In the acclaimed 2000 indie film The Tao of Steve, main character Dex (Donal Logue) has an effective seduction technique, dubbed ‘The Tao of Steve’ (named after Steve McQueen, Steve Austin from The Six Million Dollar Man, and Steve McGarrett on Hawaii Five-0):
1. Be desireless2. Be excellent3. Be gone
That’s pretty much The Dig’s strategy as well, and it was showcased to great effect when they opened at New York’s massive Terminal 5 on Friday, February 19th.
The Dig have been doing a yeoman’s job these past few years, opening from The Subjects’ (QRO spotlight on) New Year’s Eve 2008 party (QRO photos) to more recently as first opener for White Rabbits (QRO spotlight on) at Maxwell’s (QRO venue review) in Hoboken, NJ last fall (QRO photos). They’ve had every New York band’s requisite Mercury Lounge (QRO venue review) CMJ showcase (QRO coverage), and followed that up by headlining Mercury in November (QRO review). They’ve more than earned their run of East Coast dates as first opener for Editors, but such gigs can be fraught with peril: the Anglo New Wave (some would say ‘80s retread) sound of the Editors (QRO album review) isn’t a perfect fit for The Dig’s gritty indie-rock, and main opener The Antlers (QRO live review) are a heavily buzzed-about art-rock band, with a record, Hospice, that was put on a lot of ‘Best of 2009’ lists (QRO Top 60 Albums of 2009), and they were just slotted to open for the couldn’t-be-bigger National (QRO live review, right after inaugurating Terminal 5). And these dates with the Editors have been in giant places like Terminal 5 (QRO venue review), with early starts, tight schedules, and all ages crowds.
But The Dig more than made it work. After the laid-back rollick of the opener to slide the audience in, the bass-grit “Two Sisters In Love” made an early memory burn on the crowd. The two strains merged with older song “Penitentiary” & newer “Carry Me Home”. And while the audience hadn’t been that thick at the start of their set (which thankfully didn’t start too early), there was a healthy crowd by The Dig’s awesome “She’s Gonna Kill That Boy”; a healthy crowd that was healthily into it.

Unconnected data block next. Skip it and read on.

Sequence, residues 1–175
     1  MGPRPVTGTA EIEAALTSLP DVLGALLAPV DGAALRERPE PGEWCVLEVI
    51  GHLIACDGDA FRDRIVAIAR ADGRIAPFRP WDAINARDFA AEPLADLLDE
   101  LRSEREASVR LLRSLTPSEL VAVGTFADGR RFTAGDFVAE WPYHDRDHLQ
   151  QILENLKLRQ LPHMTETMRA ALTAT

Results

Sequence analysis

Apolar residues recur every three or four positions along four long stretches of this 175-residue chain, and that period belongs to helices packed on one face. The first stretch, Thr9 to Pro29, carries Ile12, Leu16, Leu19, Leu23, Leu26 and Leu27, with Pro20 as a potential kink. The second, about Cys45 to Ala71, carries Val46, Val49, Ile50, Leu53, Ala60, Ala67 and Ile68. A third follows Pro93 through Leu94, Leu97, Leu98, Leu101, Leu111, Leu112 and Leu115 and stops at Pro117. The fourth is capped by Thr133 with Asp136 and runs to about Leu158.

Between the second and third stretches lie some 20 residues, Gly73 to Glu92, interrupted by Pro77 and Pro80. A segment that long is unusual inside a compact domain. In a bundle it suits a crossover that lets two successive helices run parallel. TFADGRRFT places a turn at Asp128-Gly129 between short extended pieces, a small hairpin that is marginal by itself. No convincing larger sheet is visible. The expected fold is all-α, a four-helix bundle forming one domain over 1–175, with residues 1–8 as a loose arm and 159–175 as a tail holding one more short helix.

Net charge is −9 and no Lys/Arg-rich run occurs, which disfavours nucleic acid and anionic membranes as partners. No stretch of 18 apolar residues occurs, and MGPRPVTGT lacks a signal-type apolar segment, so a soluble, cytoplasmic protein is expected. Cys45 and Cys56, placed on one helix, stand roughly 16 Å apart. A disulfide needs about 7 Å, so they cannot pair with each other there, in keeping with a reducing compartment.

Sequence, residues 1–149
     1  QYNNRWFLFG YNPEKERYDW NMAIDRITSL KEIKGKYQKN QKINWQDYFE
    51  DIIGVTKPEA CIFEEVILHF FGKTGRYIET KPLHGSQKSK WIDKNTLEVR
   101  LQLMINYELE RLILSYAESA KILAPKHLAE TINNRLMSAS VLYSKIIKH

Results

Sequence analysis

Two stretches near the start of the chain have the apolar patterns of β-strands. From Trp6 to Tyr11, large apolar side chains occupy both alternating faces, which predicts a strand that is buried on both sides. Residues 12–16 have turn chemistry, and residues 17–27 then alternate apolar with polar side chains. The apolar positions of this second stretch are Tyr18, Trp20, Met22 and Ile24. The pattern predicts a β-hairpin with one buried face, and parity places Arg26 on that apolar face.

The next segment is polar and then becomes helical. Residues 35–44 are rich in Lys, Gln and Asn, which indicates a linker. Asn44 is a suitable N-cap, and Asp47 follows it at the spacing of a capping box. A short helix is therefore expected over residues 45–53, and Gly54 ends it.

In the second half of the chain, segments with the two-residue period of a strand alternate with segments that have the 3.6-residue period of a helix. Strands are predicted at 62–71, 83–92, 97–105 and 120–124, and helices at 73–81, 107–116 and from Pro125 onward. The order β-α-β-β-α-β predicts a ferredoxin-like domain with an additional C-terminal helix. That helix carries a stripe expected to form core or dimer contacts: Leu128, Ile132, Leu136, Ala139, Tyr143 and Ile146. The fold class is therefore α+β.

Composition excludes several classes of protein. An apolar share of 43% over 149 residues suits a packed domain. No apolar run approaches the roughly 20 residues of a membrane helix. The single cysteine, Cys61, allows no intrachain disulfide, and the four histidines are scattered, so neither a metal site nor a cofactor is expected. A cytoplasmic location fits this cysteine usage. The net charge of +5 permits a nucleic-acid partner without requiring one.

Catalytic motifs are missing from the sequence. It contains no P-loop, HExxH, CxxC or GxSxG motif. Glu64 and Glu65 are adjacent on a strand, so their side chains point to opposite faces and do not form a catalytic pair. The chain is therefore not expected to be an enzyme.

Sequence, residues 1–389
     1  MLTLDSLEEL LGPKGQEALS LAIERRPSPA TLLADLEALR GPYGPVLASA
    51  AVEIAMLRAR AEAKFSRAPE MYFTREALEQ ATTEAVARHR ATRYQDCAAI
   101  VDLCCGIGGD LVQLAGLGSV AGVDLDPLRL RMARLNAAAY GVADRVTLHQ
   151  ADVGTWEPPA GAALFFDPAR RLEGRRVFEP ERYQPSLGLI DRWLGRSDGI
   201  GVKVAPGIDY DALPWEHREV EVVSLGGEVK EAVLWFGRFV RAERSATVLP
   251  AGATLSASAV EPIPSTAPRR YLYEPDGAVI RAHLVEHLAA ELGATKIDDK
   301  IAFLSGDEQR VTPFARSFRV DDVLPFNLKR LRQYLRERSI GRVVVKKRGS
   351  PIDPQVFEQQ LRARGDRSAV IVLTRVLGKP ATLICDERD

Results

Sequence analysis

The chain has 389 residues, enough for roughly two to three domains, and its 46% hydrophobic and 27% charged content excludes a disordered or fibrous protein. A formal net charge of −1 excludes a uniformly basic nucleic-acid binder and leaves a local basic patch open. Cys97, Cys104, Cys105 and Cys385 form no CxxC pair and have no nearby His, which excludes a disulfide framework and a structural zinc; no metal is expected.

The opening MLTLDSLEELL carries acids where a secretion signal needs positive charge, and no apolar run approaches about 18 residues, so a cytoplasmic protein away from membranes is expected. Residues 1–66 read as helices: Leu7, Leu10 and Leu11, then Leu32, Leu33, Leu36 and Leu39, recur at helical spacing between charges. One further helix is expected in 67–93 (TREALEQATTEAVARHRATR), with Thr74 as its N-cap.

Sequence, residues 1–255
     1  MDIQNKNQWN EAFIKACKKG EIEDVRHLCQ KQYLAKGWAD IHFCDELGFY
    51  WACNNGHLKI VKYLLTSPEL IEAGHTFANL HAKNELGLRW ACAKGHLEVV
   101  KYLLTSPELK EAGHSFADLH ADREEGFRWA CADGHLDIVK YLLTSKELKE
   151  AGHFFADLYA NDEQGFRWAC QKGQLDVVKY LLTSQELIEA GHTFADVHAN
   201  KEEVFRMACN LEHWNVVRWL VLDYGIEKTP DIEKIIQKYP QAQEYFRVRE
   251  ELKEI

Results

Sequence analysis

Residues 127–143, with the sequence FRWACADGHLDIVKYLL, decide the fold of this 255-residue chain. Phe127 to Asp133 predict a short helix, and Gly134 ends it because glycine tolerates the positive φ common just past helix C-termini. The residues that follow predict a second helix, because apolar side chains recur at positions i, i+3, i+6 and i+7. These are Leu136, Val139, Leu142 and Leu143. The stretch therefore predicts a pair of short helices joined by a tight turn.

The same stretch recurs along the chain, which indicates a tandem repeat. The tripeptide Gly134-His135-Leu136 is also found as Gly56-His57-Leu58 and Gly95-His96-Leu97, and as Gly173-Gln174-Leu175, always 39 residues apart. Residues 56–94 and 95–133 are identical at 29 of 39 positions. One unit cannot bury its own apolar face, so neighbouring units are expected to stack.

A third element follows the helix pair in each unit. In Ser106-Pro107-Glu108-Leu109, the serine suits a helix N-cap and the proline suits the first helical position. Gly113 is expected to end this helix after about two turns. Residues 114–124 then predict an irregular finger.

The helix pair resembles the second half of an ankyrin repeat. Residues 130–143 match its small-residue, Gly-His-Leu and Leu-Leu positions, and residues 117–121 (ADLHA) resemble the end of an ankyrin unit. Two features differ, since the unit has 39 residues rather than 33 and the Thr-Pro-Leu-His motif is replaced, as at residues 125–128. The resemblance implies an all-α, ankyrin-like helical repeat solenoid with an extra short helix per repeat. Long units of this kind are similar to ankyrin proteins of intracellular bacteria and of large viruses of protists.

If only the boys had been able to play longer. The Dig followed up “Kill” with a bit more loss, a bit darker; the band isn’t quite there yet, but the piece is definite growth. Unfortunately, just after singer/bassist Emile Mosseri announced they were about to play their last song, Terminal 5 staff told the band they’d reached their time limit. What was that last song going to be (hoping it was the great new “Shadow” – QRO video)? Whatever it would have been, the band certainly left the audience wanting more, as audible ‘awws’ could be heard from the audience – a rare feat indeed for a first opener.
After their dates with Editors & Antlers, The Dig head to Fargo, North Dakota (?) to start a Great Plains-to-Confederacy-to-Atlantic Seaboard-to-Midwest-to-Rockies U.S. run with Portugal. The Man (QRO album review) and Port O’Brien (the ‘any Port in a storm’ tour…), including stops at north Florida’s Harvest of Hope Festival (QRO preview) and New York’s own Highline Ballroom (QRO venue review) on in exactly a month for the Terminal 5 date (QRO concert listing). Much more importantly, April sees the release of the band’s full-length debut, Electric Toys. The Dig may continue to “be excellent”, but hopefully won’t “be gone”.